In 2009, a 1978 Airstream trailer called Gourdough's rolled onto South Lamar Blvd., officially joining ranks with the Austin food trailer movement with an eclectic offering of gourmet, unconventional donuts. In just a few short years, this "Big. Fat. Donut." trailer has served thousands of customers a wildly creative menu of 23 made-to-order fried-dough concoctions, and now it's ready to take the next big leap.
Like former trailer neighbor Bryce Gilmore (Barley Swine), Paula Samford and Ryan Palmer (Gourdough's owners) are preparing to transition the trailer concept into a brick-and-mortar restaurant on South Lamar Blvd. called Gourdough's Public House this fall. The Gourdough's trailer will continue operations, but will have a different donut menu than the brick-and-mortar restaurant.
Diners can look forward to the Ron Burgandy donut burger, made with two slices of American cheese, bacon, fried egg, cilantro, guacamole, tomato and mayonnaise.
"This was a natural progression for us," Palmer says. "As far as us getting to test out the concept and make sure it would work, the trailer has been great, but we've wanted to expand the menu for a while. There is only so much you can do in a trailer, and we've come up with a whole new line of donuts, donut hamburgers, donut entrées and donut appetizers [for Gourdough's Public House]."'
When Samford and Palmer first came up with the idea for Gourdough's, it was meant to be a small side project that the duo could dabble in during their time away from real estate work. Yet when menu items like the Funky Monkey (a donut with grilled bananas, brown sugar and cream cheese icing) and the Flying Pig (a donut with bacon and maple syrup) started attracting longer and longer customer lines, the two decided a brick-and-mortar shop was almost inevitable.
"The trailer has grown a cult following amongst people in Austin as well as tourists," Palmer says. "It's become one of those quintessential places you have to go to when you're Austin, and we definitely didn't expect that. We're busier than ever, and it's been great to see the trailer become what it has."
While looking into the South Lamar space they eventually chose for Gourdough's Public House, Palmer and Samford were impressed by how much the location already matched Gourdough's' aesthetics, concept and design.
"The space is pretty perfect," Palmer says. "It's an older building, and we really liked that. Whenever you see the inside, it's got an industrial look and has a lot of older items in it. It's got the feel that Gourdough's already has — almost like it's from a different era. We also appreciated that Kerbey Lane [Cafe] had been there; it definitely makes it a landmark space."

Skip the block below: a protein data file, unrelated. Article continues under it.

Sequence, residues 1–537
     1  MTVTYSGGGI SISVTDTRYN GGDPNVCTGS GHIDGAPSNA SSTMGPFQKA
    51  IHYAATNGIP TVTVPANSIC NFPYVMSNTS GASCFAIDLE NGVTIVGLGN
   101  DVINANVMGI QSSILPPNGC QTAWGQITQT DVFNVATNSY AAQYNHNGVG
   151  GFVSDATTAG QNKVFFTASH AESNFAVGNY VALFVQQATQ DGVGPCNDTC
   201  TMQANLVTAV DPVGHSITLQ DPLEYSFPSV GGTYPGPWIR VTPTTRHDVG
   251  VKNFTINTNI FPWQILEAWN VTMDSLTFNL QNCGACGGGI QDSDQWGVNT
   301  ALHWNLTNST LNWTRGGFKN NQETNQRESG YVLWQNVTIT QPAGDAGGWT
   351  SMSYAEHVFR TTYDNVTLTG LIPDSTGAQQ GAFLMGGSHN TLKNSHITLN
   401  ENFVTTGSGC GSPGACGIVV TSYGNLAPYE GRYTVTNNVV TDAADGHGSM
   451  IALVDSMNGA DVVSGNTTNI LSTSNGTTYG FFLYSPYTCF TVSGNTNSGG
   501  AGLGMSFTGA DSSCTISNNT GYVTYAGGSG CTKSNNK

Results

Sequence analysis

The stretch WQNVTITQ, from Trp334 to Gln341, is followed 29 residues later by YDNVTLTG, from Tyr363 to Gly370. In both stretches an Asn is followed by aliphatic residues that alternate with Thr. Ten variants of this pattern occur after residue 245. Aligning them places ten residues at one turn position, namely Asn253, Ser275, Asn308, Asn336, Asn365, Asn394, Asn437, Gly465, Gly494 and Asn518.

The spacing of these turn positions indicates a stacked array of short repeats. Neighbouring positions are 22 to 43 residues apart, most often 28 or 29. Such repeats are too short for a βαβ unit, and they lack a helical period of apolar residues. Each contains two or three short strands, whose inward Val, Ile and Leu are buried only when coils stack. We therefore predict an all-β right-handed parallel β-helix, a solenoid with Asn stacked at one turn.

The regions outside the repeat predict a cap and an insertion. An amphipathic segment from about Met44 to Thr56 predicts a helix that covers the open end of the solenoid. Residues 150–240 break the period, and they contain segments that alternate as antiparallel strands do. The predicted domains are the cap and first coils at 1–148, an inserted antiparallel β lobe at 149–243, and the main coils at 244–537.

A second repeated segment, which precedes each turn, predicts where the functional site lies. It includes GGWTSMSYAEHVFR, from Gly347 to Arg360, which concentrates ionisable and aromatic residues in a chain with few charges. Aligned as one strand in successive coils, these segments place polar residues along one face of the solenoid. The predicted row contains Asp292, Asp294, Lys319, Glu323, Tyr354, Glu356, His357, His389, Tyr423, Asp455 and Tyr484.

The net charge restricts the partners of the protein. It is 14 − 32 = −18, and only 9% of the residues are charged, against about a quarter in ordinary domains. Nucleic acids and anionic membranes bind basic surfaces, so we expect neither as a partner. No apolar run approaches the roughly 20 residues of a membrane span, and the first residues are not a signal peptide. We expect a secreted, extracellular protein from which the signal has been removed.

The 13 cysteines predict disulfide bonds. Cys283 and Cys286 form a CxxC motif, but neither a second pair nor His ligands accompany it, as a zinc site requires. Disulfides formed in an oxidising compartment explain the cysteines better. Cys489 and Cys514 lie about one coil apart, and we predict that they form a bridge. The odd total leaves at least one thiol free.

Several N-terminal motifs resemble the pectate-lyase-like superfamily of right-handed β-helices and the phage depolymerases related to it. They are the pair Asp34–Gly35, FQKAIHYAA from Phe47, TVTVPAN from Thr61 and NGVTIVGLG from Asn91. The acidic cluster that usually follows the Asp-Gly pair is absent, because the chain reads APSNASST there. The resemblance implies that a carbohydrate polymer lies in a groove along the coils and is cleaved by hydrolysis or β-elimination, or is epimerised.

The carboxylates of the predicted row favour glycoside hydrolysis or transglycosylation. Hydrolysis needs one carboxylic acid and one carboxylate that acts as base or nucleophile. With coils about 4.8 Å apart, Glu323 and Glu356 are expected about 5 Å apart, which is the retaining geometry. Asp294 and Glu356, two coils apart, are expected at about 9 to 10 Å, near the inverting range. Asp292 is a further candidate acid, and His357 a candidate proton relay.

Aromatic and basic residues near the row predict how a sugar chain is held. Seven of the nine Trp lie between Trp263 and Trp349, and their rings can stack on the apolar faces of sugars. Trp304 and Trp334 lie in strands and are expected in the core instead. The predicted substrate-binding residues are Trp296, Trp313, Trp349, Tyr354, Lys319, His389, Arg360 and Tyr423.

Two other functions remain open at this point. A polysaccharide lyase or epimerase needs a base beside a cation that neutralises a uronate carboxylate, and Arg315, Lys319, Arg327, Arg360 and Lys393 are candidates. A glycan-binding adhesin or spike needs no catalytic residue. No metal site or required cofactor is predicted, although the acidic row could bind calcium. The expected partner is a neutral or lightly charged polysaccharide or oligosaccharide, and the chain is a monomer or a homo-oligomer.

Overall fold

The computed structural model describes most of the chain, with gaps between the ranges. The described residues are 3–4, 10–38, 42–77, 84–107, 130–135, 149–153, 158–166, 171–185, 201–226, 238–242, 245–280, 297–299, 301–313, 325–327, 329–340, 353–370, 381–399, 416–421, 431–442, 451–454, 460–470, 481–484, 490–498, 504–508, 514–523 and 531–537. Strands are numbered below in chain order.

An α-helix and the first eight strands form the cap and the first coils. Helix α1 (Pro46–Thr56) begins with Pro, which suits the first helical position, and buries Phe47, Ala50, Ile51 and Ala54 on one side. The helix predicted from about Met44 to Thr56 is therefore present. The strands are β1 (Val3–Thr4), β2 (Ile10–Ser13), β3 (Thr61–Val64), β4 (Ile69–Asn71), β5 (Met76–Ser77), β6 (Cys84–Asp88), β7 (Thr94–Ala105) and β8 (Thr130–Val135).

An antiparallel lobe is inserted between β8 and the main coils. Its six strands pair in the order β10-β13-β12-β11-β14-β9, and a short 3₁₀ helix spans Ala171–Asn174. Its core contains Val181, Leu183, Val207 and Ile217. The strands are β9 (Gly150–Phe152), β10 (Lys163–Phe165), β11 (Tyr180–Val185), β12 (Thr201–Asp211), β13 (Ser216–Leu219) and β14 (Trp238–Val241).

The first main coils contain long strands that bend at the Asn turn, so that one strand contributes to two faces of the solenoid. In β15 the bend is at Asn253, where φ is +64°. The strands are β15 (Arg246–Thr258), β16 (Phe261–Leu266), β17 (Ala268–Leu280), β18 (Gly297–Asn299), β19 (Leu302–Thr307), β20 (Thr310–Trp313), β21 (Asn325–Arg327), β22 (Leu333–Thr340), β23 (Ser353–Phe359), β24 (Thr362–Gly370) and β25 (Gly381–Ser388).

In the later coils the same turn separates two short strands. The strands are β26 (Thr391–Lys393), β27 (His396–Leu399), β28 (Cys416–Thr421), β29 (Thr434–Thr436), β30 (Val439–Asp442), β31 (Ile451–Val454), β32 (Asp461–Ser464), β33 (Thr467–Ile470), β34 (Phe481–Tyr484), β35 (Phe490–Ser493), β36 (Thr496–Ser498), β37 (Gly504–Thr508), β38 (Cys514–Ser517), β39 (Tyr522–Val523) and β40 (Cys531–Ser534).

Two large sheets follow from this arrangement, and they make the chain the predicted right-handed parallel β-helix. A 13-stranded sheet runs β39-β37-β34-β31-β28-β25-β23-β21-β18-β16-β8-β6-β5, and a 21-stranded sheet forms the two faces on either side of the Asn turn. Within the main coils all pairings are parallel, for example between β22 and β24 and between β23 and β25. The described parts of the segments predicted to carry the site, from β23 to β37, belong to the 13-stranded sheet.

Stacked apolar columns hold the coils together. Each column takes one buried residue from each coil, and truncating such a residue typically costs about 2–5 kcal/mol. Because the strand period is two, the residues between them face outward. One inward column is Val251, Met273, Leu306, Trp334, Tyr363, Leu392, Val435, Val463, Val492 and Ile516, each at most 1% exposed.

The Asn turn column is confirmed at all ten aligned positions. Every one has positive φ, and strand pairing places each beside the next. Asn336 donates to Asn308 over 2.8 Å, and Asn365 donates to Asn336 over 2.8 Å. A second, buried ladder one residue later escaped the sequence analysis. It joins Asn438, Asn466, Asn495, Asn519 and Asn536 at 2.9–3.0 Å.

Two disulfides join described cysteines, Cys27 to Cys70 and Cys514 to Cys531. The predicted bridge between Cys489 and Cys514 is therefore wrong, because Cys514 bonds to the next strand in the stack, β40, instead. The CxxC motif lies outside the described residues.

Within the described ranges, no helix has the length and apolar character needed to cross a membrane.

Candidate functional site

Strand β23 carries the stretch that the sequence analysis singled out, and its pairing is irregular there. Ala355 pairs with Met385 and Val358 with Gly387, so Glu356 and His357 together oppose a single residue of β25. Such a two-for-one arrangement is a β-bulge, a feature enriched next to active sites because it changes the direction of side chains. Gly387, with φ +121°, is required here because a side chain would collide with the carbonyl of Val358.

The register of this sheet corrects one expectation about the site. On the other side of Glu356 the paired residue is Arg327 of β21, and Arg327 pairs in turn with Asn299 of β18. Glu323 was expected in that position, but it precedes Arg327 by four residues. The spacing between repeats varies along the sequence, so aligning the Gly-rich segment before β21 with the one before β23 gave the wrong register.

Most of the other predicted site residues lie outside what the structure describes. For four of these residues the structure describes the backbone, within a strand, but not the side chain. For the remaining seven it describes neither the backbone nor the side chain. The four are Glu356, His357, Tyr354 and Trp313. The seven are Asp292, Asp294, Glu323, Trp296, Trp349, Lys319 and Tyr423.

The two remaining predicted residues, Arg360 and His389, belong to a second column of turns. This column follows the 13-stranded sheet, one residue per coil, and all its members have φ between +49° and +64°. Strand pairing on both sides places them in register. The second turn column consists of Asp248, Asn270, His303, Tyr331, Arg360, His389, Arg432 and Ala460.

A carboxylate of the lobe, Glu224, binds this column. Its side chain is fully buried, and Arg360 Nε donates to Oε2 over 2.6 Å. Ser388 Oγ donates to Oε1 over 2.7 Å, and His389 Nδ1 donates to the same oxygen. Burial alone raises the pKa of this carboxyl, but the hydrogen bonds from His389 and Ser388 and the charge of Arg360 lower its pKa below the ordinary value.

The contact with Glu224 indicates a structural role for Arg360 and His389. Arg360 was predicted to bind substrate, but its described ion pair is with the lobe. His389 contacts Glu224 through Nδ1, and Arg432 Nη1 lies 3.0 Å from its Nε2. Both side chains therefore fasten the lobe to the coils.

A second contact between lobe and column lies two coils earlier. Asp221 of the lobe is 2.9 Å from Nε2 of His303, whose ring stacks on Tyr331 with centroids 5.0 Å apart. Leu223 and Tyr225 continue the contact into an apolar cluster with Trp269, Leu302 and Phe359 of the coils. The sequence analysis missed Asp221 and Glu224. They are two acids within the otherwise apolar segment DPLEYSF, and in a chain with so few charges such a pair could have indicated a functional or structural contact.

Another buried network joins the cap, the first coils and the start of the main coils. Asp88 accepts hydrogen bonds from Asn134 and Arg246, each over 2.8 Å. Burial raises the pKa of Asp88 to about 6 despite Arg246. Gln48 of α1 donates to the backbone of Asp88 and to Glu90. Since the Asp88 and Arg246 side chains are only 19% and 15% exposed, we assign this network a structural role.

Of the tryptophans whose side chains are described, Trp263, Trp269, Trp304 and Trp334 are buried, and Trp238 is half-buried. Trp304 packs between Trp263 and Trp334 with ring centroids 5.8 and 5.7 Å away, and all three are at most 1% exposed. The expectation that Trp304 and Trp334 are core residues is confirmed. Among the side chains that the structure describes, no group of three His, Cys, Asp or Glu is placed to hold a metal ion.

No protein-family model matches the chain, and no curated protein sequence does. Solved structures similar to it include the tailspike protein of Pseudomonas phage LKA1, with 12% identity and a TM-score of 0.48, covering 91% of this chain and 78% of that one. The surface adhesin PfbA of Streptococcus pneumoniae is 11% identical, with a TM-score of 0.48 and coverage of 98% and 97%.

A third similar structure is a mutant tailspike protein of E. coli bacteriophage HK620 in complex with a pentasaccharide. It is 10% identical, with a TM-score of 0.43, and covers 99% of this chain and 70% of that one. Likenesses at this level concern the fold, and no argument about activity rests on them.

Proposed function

The Gourdough's Public House menu is still coming together, but Palmer says that diners have a lot to look forward to, such as the Ron Burgandy donut burger, made with two slices of American cheese, bacon, fried egg, cilantro, guacamole, tomato and mayonnaise and a donut entree with chicken fried steak, potato pancake and gravy. "The donut burgers are awesome. There are like five or six of those. The entrée donuts are really great as well. There are definitely going to be some things on the menu that people don't expect."
In developing the Gourdough's Public House menu, Palmer says that he and Samford relied on friends, family and their favorite foods and flavors to piece together different menu creations. "We don't have any classic training; we just make what we like to eat and listen to what people tell us. It's worked at Gourdough's, so we're confident that it will work at Gourdough's Public House."
Gourdough's Public House is slated to open the first weekend of November, but Palmer emphasizes that the team has a lot of work to do before then. The day that it does open, however, Gourdough's Public House will be joining a handful of other restaurant establishments — Franklin Barbecue, Barley Swine and El Naranjo — that started as ambitious trailer concepts that only dreamed of one day becoming a restaurant.
"It's been a lot of fun to be a part of this perfect storm," Palmer says. "Austin has been a great place to try something that might not have been well received in a different city or different market."